Tutorial

  • 2021.2
  • 10/26/2021
  • Public

Find Hotspots (L3 Cache)

The following steps show how to find hotspots at the L3 cache level.
As an example, the tutorial uses the sample application,
tcc_cache_allocation_sample
. Although this sample is already tuned with the cache allocation library, it can simulate an untuned application when configured to allocate the buffer in DRAM.
First, you will run the sample using DRAM and observe the number of cache misses. Then you will run the sample again, using a buffer in L3 cache. You can expect to see fewer cache misses.
The following example is for illustration purposes only; your results may vary.

Run the Sample Using DRAM (Baseline)

  1. Make sure that you can ssh from your host system to the target system. Run
    ifconfig
    on the target to get the IP address.
  2. On the target system, open a terminal window and run the Linux* tool stress-ng as a noisy neighbor:
    taskset -c 3 stress-ng -C 10 --cache-level 3
  3. In the WHERE section, specify the target system as follows:
    1. Click the browse
      Browse
      button.
    2. Select
      Remote Linux (SSH)
      .
    3. For
      SSH destination
      , specify the address of the target system
      root@<IP address>
      OR
      root@<hostname>
      .
    4. Click the deploy
      Deploy
      button if required.
  4. In the WHAT section, specify the following information to run the sample:
    1. For
      Application
      , type
      tcc_cache_allocation_sample
      .
    2. For
      Application parameters
      , type
      --latency 300 --sleep 100000000
      .
  5. When the HOW section is visible, configure the analysis as follows:
    1. Click the browse
      Browse
      button.
    2. Under
      Microarchitecture
      , select
      Memory Access
      .
    3. Click the copy
      Copy
      button to customize the analysis.
    4. Optional:
      Select
      Collect stacks
      :
    5. Under
      Events configured for CPU
      , select
      MEM_LOAD_RETIRED.L3_MISS
      for 11th Gen Intel® Core™ processors or
      LONGEST_LAT_CACHE.MISS
      for Intel Atom® x6000E Series processors. Set
      Sample After
      to
      2000
      and deselect other (the performance of the real-time system may be affected by interrupts caused by extra VTune™ counters).
    6. Optional:
      Select
      Analyze loops
      to collect advanced information such as instruction set usage, and display analysis results by loops and functions.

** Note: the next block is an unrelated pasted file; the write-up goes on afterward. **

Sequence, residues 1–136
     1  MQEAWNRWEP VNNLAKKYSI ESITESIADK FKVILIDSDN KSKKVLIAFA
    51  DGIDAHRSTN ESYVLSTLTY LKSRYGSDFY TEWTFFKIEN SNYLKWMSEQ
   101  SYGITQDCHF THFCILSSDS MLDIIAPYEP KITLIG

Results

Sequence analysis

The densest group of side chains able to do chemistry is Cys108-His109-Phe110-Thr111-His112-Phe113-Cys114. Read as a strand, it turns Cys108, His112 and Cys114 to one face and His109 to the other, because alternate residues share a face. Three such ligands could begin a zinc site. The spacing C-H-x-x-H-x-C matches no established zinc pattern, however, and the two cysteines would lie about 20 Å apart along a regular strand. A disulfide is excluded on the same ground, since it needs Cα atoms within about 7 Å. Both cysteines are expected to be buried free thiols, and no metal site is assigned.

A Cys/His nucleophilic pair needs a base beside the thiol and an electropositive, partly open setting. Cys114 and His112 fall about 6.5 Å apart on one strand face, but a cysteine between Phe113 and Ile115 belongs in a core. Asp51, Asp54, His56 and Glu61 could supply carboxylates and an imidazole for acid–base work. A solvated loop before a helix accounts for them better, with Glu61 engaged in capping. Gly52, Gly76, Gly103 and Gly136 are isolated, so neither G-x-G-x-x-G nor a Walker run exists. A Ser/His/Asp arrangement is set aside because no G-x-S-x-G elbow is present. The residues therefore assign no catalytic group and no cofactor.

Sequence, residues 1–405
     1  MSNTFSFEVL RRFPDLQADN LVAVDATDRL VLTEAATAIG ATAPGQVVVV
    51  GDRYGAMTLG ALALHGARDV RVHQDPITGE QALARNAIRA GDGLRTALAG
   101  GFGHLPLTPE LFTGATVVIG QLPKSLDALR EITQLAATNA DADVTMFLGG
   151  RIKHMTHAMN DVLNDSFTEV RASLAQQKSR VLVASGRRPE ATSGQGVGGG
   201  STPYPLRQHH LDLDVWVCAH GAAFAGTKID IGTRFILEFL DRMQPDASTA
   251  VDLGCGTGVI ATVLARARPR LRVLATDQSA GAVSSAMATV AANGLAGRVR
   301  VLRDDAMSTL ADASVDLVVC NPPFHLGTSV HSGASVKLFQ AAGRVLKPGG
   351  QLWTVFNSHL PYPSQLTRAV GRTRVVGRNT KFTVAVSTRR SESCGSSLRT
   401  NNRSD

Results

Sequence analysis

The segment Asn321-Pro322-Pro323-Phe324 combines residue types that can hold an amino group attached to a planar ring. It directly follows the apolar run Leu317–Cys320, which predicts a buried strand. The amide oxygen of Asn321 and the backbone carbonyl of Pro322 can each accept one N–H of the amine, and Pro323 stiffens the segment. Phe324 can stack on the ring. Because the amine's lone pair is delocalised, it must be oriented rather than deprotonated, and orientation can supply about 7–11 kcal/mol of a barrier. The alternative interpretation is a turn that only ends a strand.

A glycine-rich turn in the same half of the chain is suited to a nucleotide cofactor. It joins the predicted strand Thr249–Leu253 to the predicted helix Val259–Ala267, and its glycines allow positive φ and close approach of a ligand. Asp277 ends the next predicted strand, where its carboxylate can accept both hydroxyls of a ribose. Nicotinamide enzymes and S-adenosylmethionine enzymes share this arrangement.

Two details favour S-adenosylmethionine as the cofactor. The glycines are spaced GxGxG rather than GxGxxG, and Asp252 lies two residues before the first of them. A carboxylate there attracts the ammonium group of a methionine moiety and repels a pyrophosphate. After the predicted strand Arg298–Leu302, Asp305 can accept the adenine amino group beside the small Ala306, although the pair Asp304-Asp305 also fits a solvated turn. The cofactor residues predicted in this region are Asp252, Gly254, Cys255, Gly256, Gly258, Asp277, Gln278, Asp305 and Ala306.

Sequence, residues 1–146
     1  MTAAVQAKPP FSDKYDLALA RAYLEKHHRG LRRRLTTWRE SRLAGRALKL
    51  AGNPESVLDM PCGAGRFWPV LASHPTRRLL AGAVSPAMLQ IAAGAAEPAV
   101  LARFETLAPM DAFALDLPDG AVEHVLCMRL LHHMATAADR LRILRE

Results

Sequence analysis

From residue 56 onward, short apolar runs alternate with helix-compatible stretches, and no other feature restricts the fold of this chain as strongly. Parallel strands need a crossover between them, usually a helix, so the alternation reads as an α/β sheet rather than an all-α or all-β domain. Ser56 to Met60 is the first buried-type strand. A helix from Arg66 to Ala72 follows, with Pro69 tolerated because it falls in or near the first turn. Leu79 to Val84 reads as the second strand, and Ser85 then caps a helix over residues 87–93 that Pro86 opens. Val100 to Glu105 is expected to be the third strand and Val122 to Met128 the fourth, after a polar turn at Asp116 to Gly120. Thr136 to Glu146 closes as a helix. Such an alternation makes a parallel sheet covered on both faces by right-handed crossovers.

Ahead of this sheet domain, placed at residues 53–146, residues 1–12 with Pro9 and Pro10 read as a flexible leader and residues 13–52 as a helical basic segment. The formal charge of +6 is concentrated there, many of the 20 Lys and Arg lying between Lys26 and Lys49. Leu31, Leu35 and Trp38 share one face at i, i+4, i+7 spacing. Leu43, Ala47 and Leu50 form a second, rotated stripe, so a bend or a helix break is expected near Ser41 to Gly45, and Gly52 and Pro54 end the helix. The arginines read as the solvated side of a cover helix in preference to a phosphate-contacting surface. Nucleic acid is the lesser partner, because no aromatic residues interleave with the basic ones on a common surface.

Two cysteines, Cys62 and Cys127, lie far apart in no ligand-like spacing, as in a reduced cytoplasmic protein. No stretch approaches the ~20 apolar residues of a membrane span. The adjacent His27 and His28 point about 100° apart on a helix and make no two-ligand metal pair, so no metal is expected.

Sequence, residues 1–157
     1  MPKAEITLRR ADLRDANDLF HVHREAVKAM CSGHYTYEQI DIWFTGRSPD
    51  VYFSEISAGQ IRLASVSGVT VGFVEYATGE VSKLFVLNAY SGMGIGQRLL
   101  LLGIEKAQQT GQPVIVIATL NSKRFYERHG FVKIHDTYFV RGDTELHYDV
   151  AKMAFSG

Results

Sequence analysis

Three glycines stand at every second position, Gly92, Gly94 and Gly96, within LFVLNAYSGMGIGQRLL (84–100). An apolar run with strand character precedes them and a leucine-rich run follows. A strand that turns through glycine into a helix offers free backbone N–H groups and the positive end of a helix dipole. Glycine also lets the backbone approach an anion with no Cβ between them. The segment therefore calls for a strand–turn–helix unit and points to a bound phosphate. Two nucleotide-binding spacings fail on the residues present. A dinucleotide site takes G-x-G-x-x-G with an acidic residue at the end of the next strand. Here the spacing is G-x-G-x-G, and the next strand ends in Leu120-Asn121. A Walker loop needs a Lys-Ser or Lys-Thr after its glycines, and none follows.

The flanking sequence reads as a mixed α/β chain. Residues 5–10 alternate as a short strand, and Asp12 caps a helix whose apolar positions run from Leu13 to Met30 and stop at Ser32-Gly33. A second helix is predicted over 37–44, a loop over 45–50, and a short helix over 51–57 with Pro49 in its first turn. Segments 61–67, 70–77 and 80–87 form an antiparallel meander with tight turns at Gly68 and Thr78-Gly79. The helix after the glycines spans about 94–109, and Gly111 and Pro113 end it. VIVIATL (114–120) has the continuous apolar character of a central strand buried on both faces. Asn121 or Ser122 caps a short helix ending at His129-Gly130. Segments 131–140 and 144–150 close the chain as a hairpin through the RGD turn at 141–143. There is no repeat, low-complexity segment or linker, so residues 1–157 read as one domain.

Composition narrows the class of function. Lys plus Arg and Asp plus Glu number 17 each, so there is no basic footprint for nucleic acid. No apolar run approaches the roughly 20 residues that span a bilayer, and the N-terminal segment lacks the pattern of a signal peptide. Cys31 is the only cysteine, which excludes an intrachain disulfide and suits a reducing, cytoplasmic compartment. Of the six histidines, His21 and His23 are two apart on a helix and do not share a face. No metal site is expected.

7. Optional:
      Scroll down and select
      Analyze memory objects
      .
  6. Click the start
    Start
    button to run the analysis.
  7. Go to the
    Event Count
    tab.
  8. Maximize the screen if it is smaller than the full size of your monitor.
  9. Select
    Grouping
    by
    Task Type/Function/Call Stack
  10. At the top of the screen, find the
    MEM_LOAD_RETIRED.L3_MISS
    column. Click the column to sort the rows by number of cache misses. In this example, the function
    pointer_chase_read_workload_internal
    is at the top of the list with 42,000 misses, which means the function is the hotspot for this type of event, and the buffer is a candidate for the cache allocation library.
  11. Now follow the instructions below to run the sample using the cache allocation library to allocate a buffer in L3 cache. Compare the results.

Run the Sample Using L3 Cache

  1. At the top left of the screen, click the configure
    Configure Analysis
    button.
  2. In the WHAT section, change the
    Application parameters
    to
    --latency 110 --sleep 100000000
    . This command allocates the buffer in L3 cache.
  3. Click the start
    Start
    button to run the analysis.
  4. After the analysis is complete, go to the
    Event Count
    tab.
  5. By using an L3 cache buffer, the number of cache misses for function
    pointer_chase_read_workload_internal
    is lower or not in the list, as in the screenshot below, because there were no misses for this function.

Product and Performance Information

1

Performance varies by use, configuration and other factors. Learn more at www.Intel.com/PerformanceIndex.